“In the museum world, we are always looking for ways to deepen visitor’s engagement with art,” explains Kate Hoffman, executive director of the Huntington Beach Art Center (HBAC). So when a group of graduate students from the engineering and computer science departments approached her with an idea for using technology to enhance visitors’ experience, she loved it.
The students tested their idea – a mobile application called Kaleri – at the HBAC in early December. Kaleri (which stems from the Greek word for gallery) does two things. First it provides a technologically savvy way for users to delve into a piece of artwork. Using innovative indoor positioning technology, the application recognizes the art that is closest to the visitor and displays it on a mobile device. Visitors can interact with a given piece of art by rating, bookmarking, using social networks to share with their friends, and storing this interaction for future retrieval. The second objective of Kaleri is to understand visitors’ behaviors – common routes, most viewed items, time spent at each artwork, comments posted, and returning visitor information – to help museums provide more engaging experiences. During the pilot test, 40 people used Kaleri to explore HBAC’s sculpture-based exhibit of contemporary art: Reverberation.
“This was an opportunity for our visitors to instantly learn more about a piece,” says Hoffman. “We are a city owned and operated institution with a limited budget. We aren’t able to offer audio tours. This was a way to access information through a type of technology that many people are familiar with and that generates excitement.”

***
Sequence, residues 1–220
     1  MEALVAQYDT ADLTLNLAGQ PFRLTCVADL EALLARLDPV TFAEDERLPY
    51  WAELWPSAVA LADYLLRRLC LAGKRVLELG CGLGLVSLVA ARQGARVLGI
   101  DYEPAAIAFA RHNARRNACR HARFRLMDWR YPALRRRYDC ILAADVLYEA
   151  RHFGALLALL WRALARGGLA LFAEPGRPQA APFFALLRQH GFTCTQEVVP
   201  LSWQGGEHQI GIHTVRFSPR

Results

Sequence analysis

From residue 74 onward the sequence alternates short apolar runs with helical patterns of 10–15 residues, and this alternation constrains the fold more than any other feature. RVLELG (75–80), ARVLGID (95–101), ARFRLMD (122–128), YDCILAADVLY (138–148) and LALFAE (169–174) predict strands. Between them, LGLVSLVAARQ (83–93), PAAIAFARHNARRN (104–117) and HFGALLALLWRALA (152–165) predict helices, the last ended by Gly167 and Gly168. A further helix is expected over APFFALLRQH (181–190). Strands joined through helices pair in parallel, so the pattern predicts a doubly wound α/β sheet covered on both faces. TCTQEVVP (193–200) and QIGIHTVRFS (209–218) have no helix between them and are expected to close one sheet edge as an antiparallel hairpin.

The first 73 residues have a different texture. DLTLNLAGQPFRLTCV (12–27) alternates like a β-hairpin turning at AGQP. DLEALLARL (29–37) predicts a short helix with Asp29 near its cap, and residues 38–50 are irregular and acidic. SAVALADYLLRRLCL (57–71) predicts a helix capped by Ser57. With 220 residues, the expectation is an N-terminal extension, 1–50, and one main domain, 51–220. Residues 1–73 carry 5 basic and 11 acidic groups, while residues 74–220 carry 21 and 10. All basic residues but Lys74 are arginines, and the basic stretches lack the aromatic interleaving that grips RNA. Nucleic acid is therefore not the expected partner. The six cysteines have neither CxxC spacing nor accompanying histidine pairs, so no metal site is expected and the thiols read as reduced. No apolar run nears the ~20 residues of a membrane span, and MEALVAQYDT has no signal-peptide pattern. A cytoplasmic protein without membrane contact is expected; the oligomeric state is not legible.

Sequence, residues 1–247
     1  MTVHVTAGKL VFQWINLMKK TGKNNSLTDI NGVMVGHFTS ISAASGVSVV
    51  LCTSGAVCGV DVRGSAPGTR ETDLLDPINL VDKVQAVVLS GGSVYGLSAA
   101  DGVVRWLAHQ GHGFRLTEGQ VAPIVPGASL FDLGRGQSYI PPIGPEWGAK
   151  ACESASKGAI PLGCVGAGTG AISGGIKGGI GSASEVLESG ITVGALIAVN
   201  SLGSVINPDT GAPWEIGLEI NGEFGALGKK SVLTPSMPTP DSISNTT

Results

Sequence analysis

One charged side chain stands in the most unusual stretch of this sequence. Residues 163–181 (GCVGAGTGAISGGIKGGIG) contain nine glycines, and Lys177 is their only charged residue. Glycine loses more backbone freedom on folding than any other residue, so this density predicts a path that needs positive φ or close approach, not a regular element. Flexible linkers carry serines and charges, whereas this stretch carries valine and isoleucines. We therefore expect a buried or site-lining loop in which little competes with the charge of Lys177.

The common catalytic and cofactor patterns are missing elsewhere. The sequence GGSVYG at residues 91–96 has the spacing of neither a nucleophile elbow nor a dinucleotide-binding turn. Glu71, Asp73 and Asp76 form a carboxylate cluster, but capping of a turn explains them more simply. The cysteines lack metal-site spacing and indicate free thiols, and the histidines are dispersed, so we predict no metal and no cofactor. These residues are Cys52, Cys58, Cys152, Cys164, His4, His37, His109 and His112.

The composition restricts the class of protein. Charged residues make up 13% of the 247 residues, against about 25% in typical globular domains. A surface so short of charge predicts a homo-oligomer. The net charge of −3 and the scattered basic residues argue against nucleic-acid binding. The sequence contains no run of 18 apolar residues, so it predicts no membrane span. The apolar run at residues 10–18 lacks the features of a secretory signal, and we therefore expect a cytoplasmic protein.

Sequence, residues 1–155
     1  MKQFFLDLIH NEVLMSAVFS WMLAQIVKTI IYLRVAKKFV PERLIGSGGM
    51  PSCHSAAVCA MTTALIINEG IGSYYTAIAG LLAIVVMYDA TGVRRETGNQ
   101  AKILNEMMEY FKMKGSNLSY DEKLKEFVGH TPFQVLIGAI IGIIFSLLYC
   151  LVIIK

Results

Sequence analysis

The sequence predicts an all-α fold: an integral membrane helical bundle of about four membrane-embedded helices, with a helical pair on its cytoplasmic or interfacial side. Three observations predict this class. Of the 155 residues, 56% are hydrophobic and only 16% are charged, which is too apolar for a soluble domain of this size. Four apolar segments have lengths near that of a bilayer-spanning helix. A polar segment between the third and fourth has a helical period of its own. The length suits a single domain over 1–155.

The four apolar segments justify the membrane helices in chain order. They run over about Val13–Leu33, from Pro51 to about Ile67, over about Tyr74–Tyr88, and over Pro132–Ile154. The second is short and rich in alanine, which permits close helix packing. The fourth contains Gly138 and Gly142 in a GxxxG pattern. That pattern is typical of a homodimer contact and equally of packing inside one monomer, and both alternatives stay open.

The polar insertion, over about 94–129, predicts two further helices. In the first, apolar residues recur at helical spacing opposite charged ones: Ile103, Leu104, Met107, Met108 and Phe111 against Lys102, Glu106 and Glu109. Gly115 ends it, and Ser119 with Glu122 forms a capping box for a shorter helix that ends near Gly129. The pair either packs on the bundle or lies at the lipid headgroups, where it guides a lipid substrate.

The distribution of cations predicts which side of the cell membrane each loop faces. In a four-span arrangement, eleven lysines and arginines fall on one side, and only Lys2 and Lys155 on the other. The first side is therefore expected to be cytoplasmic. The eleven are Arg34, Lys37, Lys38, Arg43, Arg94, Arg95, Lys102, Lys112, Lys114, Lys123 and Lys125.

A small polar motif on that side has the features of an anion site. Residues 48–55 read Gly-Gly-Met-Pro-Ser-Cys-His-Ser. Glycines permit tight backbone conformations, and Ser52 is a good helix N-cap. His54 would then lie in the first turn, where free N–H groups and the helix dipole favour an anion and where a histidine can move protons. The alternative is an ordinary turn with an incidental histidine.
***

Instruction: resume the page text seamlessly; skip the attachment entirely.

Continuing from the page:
The students have formed a company called B.A.T., or Beacon-Assisted Technologies. The museum app was not their first idea. Robert Regue, a doctoral student in transportation engineering had been using similar technology to monitor the travel patterns of vehicles. He began brainstorming business ideas with some fellow engineering doctoral students. Each contributed a different area of expertise. Anna Papio specialized in sensor networks for precise object tracking and localization. Joan Aguilar and Jaime Duarte, both mechanical engineering doctoral students had expertise in robotics and, prospectively, optimal control and prototyping.
“We came up with B.A.T., and the idea of monitoring people’s travel patterns, but it wasn’t until we entered a couple of business plan competitions and received feedback from judges that we refined our idea to become Kaleri,” says Regue.
The students entered the New York City Next Idea Competition and made the semifinals (one of 22 teams out of more than 220 international applicants). They entered the Paul Merage Business Plan Competition but didn’t make it past the first phase. “We realized we needed to bring in people with different perspectives, so we recruited Yue Yu and Estel Carbo,” says Regue. Yu is a doctoral student in information and computer science, and Carbo is a UCI Extension certificate program graduate in marketing communications and public relations.
The team then entered and won the grand prize ($5,000) in the 10th annual Butterworth Competition in the School of Information and Computer Sciences. The competition, named for Bren School alumnus Paul Butterworth, chief technical officer of AccessG2 Inc., is designed to promote the creation of commercially viable technology and products while fostering entrepreneurship among students. As part of the competition, the B.A.T. team had been assigned two industry mentors, Arie Shen and Jim Doane, who helped them narrow down their focus on the museum market, and then helped them connect with their first potential customer, HBAC.
“The feedback we received during the pilot tests at HBAC serves as further validation of our idea,” says Papio. “We received critical feedback about the features that visitors valued most. We will now work on further developing the technology to implement it in other local museums.”